Nearly 40 companies have applied for new production licences on the Norwegian Continental Shelf, indicating there is still considerable interest in the sector according to country's petroleum directorate.
Norway's 23rd licensing round has attracted 26 companies keen to explore in the Barents Sea.
Norwegian energy giant Statoil has announced the completion of its 482km Polarled pipeline, the deepest on the Norwegian continental shelf.
Aberdeen-based Faroe Petroleum, the independent oil and gas company, has spudded its latest exploration well on the Blink prospect.
Statoil and partners have put the first subsea gas compression facility in the world on line at Åsgard in the Norwegian Sea.
Faroe Petroleum has commenced drilling of an exploration well in the Norwegian Sea. The independent oil and gas explorer holds a 20% share in the Portrush well located in licence PL793. Faroe said the well, which is 10km from the Statoil-operated Njord field and 20km west of the Shell-operated Njord field, will target prospective resources along the Vingleia fault .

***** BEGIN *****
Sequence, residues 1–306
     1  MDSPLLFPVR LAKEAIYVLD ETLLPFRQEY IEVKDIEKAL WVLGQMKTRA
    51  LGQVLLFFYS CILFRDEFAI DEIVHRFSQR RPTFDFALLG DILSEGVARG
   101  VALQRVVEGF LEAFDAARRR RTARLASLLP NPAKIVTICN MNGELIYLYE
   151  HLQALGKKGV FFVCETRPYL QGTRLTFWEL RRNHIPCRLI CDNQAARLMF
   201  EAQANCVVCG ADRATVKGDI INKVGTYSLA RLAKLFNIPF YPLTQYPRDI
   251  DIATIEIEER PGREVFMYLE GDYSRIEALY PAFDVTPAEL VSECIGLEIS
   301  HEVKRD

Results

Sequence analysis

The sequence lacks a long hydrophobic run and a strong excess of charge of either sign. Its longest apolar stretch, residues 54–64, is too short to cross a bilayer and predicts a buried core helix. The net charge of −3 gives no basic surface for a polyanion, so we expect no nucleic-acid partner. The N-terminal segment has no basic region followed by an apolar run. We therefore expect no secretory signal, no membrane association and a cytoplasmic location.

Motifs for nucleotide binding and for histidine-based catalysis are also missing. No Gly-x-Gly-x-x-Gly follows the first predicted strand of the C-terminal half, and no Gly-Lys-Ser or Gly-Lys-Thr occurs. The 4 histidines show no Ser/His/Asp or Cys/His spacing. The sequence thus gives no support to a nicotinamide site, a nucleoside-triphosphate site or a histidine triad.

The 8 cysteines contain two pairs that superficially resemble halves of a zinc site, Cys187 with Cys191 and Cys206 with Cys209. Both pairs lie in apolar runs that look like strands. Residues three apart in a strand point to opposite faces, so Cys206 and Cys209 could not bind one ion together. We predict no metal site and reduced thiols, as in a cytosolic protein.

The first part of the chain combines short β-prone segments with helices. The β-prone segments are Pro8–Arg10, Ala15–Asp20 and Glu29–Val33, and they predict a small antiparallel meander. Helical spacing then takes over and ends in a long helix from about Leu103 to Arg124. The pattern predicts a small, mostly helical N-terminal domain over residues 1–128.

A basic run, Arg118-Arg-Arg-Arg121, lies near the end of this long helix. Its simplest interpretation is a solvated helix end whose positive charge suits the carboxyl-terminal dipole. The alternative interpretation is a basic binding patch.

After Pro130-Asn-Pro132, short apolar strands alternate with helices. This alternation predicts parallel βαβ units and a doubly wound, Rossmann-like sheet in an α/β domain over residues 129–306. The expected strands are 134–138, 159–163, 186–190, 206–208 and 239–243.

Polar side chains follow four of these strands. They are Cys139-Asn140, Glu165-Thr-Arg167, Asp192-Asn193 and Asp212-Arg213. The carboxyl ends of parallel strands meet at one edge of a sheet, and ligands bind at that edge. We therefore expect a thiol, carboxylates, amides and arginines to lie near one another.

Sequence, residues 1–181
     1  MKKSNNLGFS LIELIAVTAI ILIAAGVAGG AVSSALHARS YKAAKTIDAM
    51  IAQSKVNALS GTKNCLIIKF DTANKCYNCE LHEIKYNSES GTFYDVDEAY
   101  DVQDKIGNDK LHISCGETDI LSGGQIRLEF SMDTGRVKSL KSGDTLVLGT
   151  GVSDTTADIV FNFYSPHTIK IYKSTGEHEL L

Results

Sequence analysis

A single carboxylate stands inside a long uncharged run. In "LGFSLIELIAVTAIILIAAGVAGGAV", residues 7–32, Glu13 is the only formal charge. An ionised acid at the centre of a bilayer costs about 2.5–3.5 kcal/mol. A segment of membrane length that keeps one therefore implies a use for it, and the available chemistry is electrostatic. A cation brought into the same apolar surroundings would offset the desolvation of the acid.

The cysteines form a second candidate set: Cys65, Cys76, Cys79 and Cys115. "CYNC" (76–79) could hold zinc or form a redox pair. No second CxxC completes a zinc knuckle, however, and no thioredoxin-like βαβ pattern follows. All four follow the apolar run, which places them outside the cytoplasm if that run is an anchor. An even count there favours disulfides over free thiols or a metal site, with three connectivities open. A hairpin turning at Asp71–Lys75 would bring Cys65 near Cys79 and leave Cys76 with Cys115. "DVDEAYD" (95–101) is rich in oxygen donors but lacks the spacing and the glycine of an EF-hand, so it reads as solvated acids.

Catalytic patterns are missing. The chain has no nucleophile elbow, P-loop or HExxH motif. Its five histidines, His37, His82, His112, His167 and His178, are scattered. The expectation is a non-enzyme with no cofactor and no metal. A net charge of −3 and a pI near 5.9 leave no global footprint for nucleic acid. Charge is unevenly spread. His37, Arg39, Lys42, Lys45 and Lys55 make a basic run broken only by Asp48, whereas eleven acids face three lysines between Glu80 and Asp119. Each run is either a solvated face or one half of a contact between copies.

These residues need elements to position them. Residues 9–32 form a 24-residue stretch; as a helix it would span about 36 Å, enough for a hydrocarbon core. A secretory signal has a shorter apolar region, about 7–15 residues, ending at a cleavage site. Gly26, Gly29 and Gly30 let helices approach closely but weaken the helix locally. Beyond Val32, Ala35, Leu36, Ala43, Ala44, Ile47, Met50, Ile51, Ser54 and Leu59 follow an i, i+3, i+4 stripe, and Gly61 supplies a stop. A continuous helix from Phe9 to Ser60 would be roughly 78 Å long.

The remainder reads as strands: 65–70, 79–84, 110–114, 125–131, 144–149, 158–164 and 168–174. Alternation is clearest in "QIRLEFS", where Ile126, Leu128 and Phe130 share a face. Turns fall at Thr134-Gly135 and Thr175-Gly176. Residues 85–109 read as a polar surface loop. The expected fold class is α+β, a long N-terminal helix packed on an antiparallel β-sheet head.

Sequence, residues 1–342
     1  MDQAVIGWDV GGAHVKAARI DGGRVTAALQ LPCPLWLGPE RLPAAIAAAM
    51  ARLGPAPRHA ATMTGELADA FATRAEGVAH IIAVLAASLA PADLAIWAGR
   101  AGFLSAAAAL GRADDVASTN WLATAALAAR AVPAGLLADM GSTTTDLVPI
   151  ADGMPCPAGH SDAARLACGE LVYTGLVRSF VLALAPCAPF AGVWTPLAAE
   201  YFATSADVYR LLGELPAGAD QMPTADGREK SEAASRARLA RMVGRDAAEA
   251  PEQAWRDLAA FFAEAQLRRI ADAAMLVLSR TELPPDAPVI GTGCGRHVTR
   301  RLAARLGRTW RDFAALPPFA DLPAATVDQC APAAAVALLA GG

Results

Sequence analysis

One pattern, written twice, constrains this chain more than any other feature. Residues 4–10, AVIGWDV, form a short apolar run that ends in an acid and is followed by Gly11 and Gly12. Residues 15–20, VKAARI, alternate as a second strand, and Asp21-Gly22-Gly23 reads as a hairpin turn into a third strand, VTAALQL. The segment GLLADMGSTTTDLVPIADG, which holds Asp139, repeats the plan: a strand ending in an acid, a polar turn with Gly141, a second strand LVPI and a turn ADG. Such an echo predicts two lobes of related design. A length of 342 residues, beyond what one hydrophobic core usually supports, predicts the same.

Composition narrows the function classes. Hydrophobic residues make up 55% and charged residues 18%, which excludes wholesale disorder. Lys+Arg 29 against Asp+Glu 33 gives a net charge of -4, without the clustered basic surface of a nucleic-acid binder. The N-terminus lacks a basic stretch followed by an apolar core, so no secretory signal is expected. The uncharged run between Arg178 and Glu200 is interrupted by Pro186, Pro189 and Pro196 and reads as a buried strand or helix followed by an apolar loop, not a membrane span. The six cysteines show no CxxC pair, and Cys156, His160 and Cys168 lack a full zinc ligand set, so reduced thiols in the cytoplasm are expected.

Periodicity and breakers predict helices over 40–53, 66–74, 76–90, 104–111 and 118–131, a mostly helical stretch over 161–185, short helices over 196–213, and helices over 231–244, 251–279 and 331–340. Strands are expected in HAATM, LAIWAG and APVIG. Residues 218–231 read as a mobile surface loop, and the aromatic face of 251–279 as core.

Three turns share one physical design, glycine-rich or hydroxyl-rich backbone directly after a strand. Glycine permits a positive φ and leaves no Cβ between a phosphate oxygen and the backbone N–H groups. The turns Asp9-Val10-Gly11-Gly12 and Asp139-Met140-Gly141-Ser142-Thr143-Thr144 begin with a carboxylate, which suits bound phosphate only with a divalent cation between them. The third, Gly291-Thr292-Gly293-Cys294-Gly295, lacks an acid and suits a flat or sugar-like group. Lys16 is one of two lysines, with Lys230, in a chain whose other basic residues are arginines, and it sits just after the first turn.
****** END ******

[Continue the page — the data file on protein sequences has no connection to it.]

The Norwegian Petroleum Safety Authority (PSA) has called for a number of improvements to be made after a roustabout was injured on the Transocean Barents drilling unit. The incident, which happened in March this year, left the worker with injuries to his head, neck and back. He had been carrying out an inspection of the derrick when the accident happened.
Statoil has been given a deadline by the Petroleum Safety Authority (PSA) in Norway over a number of non-conformities and improvement points on the Heidmal gas processing platform in the North Sea. The list also includes the risk of ignition from the platform. The company has until August 24th to report on improvements it has made since the routine audit took place in June.
Energy firm Noreco said no hydrocarbons were encountered at the Haribo exploration well. The company said the well will now be plugged and abandoned.